During my career I have had many conversations with professionals who were considering pursuing a doctoral degree. What surprises me is how few of them consider going full time as an option. I am here to argue two things: 1) that more people should consider pursuing the degree full time; and 2) that many of the people who say they can’t due to circumstances (e.g., job, spouse, kids, loans) actually can do it. Here is my list of 20 reasons why you should consider pursuing a doctoral degree full time:
- You can do the program in 3-4 years, rather than the 7-9 years it may take to go part time.
- You can get someone else to pay for it (No one should do full time doc work without a graduate assistantship of some kind).
- You get really, really good at APA.
- The disruption of the career ladder can actually offer an opportunity to jump higher quicker, or dramatically change career paths.
- You get to read the stuff you have wanted to read, but currently don’t have the time.
- You are immersed in an academic experience because you are a student first (as opposed to going part time where your job is always your top priority).
- You develop a cohort of academic colleagues who can help see you through the whole journey.
- You learn to live on very little money (which really helps make your next full time gig appear to pay that much more).
- There is a great chance of developing an excellent mentoring relationship with your professors, and the person who will ultimately direct your dissertation.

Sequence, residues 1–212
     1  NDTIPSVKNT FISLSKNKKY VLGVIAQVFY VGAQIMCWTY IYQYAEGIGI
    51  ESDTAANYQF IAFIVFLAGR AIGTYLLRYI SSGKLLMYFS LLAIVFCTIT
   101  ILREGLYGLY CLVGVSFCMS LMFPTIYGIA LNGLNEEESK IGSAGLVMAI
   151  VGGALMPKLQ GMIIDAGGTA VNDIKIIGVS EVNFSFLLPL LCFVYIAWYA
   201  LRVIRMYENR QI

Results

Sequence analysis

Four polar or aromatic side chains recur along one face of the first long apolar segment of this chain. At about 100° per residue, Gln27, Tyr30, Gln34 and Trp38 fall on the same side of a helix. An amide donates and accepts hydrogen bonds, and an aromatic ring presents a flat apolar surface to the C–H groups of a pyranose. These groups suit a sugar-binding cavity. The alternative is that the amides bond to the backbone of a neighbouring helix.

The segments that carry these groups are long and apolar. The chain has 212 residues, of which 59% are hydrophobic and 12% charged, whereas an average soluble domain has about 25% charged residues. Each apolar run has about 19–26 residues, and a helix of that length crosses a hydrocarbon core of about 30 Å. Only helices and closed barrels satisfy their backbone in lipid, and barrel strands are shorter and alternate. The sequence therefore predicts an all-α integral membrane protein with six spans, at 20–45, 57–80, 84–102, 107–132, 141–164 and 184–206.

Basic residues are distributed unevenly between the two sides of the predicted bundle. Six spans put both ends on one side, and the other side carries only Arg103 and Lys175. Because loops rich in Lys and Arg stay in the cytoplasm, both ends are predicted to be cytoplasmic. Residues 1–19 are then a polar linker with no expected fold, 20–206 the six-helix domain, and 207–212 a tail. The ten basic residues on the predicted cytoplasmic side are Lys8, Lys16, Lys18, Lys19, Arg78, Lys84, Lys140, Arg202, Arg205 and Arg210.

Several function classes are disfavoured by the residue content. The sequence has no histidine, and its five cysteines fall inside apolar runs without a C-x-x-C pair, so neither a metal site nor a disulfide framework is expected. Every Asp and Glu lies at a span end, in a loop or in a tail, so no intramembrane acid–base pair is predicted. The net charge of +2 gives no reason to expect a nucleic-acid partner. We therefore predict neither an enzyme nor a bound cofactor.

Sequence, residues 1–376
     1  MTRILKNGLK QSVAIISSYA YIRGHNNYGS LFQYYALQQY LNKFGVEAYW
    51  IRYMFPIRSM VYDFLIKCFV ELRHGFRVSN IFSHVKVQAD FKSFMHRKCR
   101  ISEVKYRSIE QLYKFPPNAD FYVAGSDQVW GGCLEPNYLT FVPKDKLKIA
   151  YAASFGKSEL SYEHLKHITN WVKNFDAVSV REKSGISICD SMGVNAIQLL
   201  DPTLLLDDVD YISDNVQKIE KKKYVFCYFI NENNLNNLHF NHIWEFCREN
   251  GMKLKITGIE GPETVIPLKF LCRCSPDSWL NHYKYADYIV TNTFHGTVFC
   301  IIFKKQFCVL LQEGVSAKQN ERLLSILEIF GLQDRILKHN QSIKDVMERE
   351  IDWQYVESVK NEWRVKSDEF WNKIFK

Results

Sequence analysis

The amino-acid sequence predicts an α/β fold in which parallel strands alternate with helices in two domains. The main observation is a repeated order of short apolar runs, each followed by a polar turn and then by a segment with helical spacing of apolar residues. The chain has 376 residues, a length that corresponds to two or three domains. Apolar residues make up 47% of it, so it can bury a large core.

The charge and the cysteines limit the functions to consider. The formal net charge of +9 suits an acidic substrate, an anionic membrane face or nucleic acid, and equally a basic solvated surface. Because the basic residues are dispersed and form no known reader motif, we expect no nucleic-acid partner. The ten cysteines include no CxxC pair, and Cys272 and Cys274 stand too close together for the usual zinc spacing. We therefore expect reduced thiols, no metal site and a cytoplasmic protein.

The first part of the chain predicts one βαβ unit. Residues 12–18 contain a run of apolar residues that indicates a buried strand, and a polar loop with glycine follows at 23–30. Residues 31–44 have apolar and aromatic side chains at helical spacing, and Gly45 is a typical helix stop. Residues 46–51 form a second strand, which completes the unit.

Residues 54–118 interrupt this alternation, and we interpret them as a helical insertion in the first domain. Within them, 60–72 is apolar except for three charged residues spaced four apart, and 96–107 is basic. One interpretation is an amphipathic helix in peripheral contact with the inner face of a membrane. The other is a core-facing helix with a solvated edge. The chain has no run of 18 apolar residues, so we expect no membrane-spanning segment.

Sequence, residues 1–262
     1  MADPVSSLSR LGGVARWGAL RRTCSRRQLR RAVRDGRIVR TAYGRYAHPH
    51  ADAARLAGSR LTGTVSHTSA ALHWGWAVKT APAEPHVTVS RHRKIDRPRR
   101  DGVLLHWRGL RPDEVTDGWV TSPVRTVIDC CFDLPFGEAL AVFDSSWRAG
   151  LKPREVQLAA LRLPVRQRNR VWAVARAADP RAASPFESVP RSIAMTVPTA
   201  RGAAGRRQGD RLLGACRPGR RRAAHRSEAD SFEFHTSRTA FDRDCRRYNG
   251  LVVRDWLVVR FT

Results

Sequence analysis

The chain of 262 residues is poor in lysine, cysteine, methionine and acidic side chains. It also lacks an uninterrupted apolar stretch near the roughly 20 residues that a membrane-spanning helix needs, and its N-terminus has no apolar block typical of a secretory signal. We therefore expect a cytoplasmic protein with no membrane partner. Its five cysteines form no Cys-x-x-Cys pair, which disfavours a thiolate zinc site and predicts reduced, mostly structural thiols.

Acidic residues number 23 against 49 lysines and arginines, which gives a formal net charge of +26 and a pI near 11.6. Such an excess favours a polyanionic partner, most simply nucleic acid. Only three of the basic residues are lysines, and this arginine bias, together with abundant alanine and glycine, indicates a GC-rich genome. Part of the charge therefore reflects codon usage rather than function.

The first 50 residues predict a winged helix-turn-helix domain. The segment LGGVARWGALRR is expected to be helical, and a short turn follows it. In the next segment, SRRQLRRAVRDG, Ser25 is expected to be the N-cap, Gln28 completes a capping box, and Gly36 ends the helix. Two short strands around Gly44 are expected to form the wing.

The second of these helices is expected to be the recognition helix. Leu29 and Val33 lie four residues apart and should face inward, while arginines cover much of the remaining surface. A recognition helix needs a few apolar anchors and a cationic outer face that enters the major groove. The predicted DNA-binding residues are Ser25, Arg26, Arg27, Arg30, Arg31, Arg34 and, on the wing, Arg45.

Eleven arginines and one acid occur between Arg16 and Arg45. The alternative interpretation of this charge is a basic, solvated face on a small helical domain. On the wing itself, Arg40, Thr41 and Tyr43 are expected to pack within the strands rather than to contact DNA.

- It is easier to get into most doctoral programs than into the highly reputed master’s programs (and don’t let anyone else tell you otherwise!).
- You greatly enhance your critical thinking skills.
- Just as we know with undergrads—it is what happens outside the classroom that really makes for a great experience. Going full time allows you to take advantage of opportunities (research, presenting, writing) that part time students don’t often get.
- There are great opportunities to connect with and work for upper level administrators through assistantships and internships.
- You discover interests in ideas and topics you didn’t know existed.
- You have more time for friends and family (just no money for vacations and visits, unless you are Paul Brown).
- It is then easier to switch from a large school experience to a small school position.
- You enhance your writing skills.
- It is easier to see and make sense of the larger picture in student affairs and higher education when you are taking several courses each semester.
- There is a great opportunity to meet and get to know some of the big names in the field.
- If you have young kids, you are surrounded by willing babysitters, most of whom will watch your kids for nothing.
- Okay, one more. It is fun! I’m not kidding. Maybe not all the time, but fun nonetheless!
Happy New Year and best wishes with all your resolutions!
Follow me at @pglove33 and feel free to tweet doc program or job search questions at me.